It’s 3:00, Christmas Eve. He sits silently at his desk.
The office party cheer evaporates. A faint scent of wine lingers.
The empty office echoes the hum of his computer. Masks litter the floor.
He checks his shopping list, a white sheet filled with names.
So many names, no gifts. He taps it with his pen, anxiety sets in.
His watch reads 3:05. No more procrastination. Show time for shopping.
He girds up, grabs his keys and walks briskly to the parking garage.
Christmases past flood his mind. Always the same, last-minute shopping.
He heads to the mall, a conqueror in his quest. The streets are clogged.
The mall appears in the distance. It closes at 6:00. Traffic is a Gordian knot.
Nothing moves. He curses, blows his horn. The clock ticks: 3:18.
He fidgets, pounds the steering wheel. Sweat soaks his collar.
One lane moves, not his. Cars zip by, drivers yack on cells, celebrating.
He squeezes a grandmother out of the lane. She shrieks. He shrugs.
The mall parking lot is emptying. He’s confused. Only 3:27.
He jogs in, time is crucial. Clueless men roam the cavernous mall.
He checks his list, plans his route. Shelves stripped at Staples.
He scans Macy’s. Motley merchandise. He moves to Belk’s. Boring.
Neiman’s, over-priced, picked over. He stops at Starbucks.
A coffee. The barista moves like molasses. He paces, tick, tick.
Saks might save him. He smiles smugly, saunters in, thinks of his wife.
Clerks on cells yawn. They shun him. He despises them.
He inspects the shoes. Jimmy Choo, Manolo. He’s shocked.
Sticker prices stab him, surpass his comprehension. He tries cosmetics.
He dawdles with perfume testers. The air smells sweet. He can’t choose.
He moves to handbags. Three men linger there.
Choices are few. One crocodile Veneta. All eyes are on it.
Words erupt. Someone is shoved, Elbows fly, two men grapple on the floor.
He grabs for the bag. Too slow. A fist pounds his head. The bag vanishes.
He shakes it off, reviews his list. Half complete. The watch reads 4:32.
Time’s tick taunts him. He rushes into the corridor. Shops closing early.
He checks DeBeers. Their door slams shut. Luck at Lululemon.
He leaves, passes Victoria Secret. A cluster of old men gather there, gawking.
Window mannequins get fresh lingerie. They point, discuss, drool, dream.
He guesses their Santa wish list. Disappointment will fill their stockings.
His watch frightens him: 4:58. Time stalks him. He becomes manic.
He shops tawdry kiosks, grabs the garish junk. Satisfied with scraps now.
He’s a pinball, bouncing shop to shop, running wildly through the hallway.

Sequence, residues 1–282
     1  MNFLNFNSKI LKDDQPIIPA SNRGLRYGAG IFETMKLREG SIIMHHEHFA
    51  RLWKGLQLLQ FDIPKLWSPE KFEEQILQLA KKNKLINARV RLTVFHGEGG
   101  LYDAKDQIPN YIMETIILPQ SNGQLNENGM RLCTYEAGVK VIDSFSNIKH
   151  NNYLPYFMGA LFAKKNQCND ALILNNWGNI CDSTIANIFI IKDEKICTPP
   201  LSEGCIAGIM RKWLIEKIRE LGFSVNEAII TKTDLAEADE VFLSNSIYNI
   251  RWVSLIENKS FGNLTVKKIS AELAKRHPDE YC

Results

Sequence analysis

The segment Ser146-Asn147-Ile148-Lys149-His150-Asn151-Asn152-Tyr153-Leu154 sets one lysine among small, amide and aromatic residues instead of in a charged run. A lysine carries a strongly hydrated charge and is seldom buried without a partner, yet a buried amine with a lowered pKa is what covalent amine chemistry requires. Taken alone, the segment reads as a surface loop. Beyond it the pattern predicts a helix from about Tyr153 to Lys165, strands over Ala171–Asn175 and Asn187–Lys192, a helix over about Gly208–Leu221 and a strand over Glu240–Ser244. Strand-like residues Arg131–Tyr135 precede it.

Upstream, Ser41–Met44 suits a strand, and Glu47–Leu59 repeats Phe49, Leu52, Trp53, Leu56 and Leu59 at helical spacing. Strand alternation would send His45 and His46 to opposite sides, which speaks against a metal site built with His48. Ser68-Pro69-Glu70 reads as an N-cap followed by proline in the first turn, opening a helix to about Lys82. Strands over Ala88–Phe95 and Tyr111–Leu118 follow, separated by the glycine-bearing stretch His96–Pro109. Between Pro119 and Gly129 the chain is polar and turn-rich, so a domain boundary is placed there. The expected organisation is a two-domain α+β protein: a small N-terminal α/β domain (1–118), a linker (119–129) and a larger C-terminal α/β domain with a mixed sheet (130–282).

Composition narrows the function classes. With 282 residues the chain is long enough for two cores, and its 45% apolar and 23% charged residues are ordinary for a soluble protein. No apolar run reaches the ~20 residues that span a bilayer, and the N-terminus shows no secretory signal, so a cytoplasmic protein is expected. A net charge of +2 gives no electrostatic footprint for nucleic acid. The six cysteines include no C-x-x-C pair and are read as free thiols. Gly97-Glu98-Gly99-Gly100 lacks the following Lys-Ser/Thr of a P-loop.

His wife calls. A party, our home, 6:30? An expletive escapes.
It’s 5:24. Doors are closing fast. Still no gift for his wife.
He’s a feral savage now, delirious. His bags bulge, his wallet wilts.
Time punishes him, assaulted by the incessant tick, tick, tick.
Shops are closed. A dim light shines in the distance. Maybe, he hopes.
He remembers the toaster, the tumblers, the tenderloin he gave her.
She cried. His children ridiculed him. She abandoned the kitchen forever.
He bursts into the store, grabs the clerk, shakes him violently.
“My wife, my wife, what have you got for my wife?” He’s hysterical.
“The best for her. What is it, man? Hurry. Price no object.”
The clerk recovers, demonstrates a shiny see-through model, the latest rave.
“I’ll take it,” he roars. “What is it?” “Why, sir, an Oreck vacuum, the best.”
“Yes,” he shouts, “at last, at last.” He’s ecstatic. It’s 6:05. List done.
He sprints to the exit. The doors are bolted shut. He’s trapped.
He shakes them uncontrollably. Alarms sound. Security subdues him.
He pleads his dilemma. The cuffs come off, he’s kicked out. 6:15.
He finds his car, drives madly, weaves wildly, a lunatic at the wheel.
He arrives home. His pulse pounds. He’s disheveled, the necktie a noose.
He races in, kisses his wife, dumps his bags. His watch tortures him, 6:26.
She’s calm, smiles, Says Merry Christmas, reminds him guests soon arrive.
She sees his panic, pours him eggnog, says to calm down and relax.
“Oh, Honey, don’t buy me a present this year,” she says.
He’s stunned, confused, asks why. She grins, points to the garage.
“I saved you the trouble. I bought my own with your Amex. Go see.”
He does. A shiny new black Range Rover greets at him.
He stares in stark horror, estimating the cost. So long company bonus.
The doorbell rings. Guests arrive, the clock chimes 6:30. He faints.
* * *
Here’s wishing you a Merry Christmas and hoping your shopping was everything you dreamed it would be. Sales begin soon. Relax.
December 23, 2021